Steve McQueen's life in the fast lane on film
"When the film came out people perceived it to be such a bomb and everybody kind of blamed my dad because they knew that he was in control."
The film was Le Mans and the dad was Steve McQueen, and a new British documentary, which has screened at the Cannes Film Festival, tells the story of his vision of creating a pure motor racing film and the struggles he faced, not just in film terms but also in his personal life.
Released in 1970, the film continues to divide critics and fans. Some call it visionary filmmaking, the best racing movie ever made. But to others, it is a barely watchable movie with no dialogue for the first half hour.
McQueen's son Chad continues: "The thing has become such a cult classic, that we're talking about it 40-something years later and if a kid comes up to me at a race and says 'I loved Le Mans', that is exactly who my dad wanted to reach."
McQueen Snr died in 1980 at that age of 50 from a rare form of lung cancer.
In a poignant, never-before-heard clip of him talking just weeks before his death in Mexico - where he was receiving experimental treatment for the disease - he uses a racing analogy explaining that he has "just run out of gas".
The story of Le Mans begins with McQueen's long abiding love of motor racing, both as an avid fan and as a driver.
At that time, thanks to films including The Great Escape, The Thomas Crown Affair and Bullitt, Steve McQueen was the biggest movie star in the word with the box office and sex appeal of a combination of Brad Pitt and George Clooney.
His production company, Solar, had just signed a six picture deal to make the movies he wanted to make with himself in the starring role.
The movie McQueen wanted to make was Le Mans - based on the famous 24-hour race which takes place in annually in Le Mans, France.
As a committed driver, McQueen had a vision of making a film that would show people the beauty of his world and let people into the driver's seat if only for a brief time.
After the success of a rival and, according to McQueen, lesser film, Grand Prix - which starred James Garner, it was even more important to him to make a film free from special effects or artifice.
That meant filming real cars and real professional drivers, racing at real speeds, in real time, with a budget of $6m (around $37m today).
'Shakespearian tragic hero'
"He was a hugely powerful man at the time," says Steve McQueen: The Man and Le Mans director Gabriel Clarke.
"He was in place to make the ultimate racing film and yet because of that power, he unravelled so there's a real sense of a Shakespearian tragic hero. Which is at the heart of the story."
McQueen moved his entire production company to France to begin principal photography. He had a legendary filmmaker in John Sturges - who directed him in The Great Escape - but there was no script.
On top of the daily fights with Sturges over his refusal to make any concessions to a "Hollywood" style film, he was also in conflict with his wife Neile.
McQueen's reputation for infidelity was legendary and his appetite for casual sex was undiminished in France. His wife confessed to her own affair and the couple began to drift apart.
As a 10-year-old on set, Chad McQueen was sheltered from the worst of it.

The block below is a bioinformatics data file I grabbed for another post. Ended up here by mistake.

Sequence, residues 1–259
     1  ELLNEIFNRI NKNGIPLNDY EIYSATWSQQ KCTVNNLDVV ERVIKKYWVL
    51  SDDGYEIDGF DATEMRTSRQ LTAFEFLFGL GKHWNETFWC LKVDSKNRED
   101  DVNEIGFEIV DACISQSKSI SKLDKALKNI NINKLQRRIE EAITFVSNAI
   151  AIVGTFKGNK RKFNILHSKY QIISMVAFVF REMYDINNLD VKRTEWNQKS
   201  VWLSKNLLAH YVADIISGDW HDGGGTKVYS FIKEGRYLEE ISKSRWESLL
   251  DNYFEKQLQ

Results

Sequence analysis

"As a father myself, you never want to expose your kids to that kind of stuff and he didn't. I'd see my parents fight every once in a while but until I was older, I never released the depth of the infidelity."
Co-director and producer John McKenna said approaching the McQueen family about such a fraught period had been a difficult task.
"We knew that it would be a tough conversation to have, to persuade Chad about this film about a difficult time in his life.
"There were going to be people who were going to say things about his father that maybe he hadn't heard before or didn't like hearing or wasn't keen on the rest of the world hearing."
Sturges eventually walked after six weeks of filming, grandly stating: "I'm too old and too rich" to put up with it. He and McQueen would never work together again.
The constant battle with his film company took its toll on McQueen and, with the production running over budget, he was forced to sign away full creative control of the film.
It resulted in a rift between McQueen and some of his closest friends and business partners.
The filmmakers had access to hours of rare footage from the film, plus archive interviews and McQueen's behind-the-scenes written correspondence.
Clarke says: "He comes across as obsessive, a perfectionist who wanted total control ...and as somebody who was prepared at this time to sacrifice a great deal for one film. You can like him or dislike him for that."
The film was eventually released towards the end of 1970 after a gruelling seven-month shoot.
McQueen didn't even bother going to the premiere and he never raced in a car again.
Changes to the film industry over the last 40 years mean there is little chance a studio would give an actor a high budget to make what is effectively an art house film with a very specific audience in mind.
That and the very real danger that he could be injured or even killed making it. Tragically, one of the British drivers involved in the film lost his foot and lower leg after a horror crash.
Now 35 years after his death, McQueen remain an icon of cinema. He was nicknamed the King of Cool in the 1960s and little has happened to change that perception of the actor.
"If I could figure out why, then I would bottle it," admits Chad McQueen. "It's cool and my daughters friends will come up to me and say they just watched Bullitt for the first time. Wow. It's cool."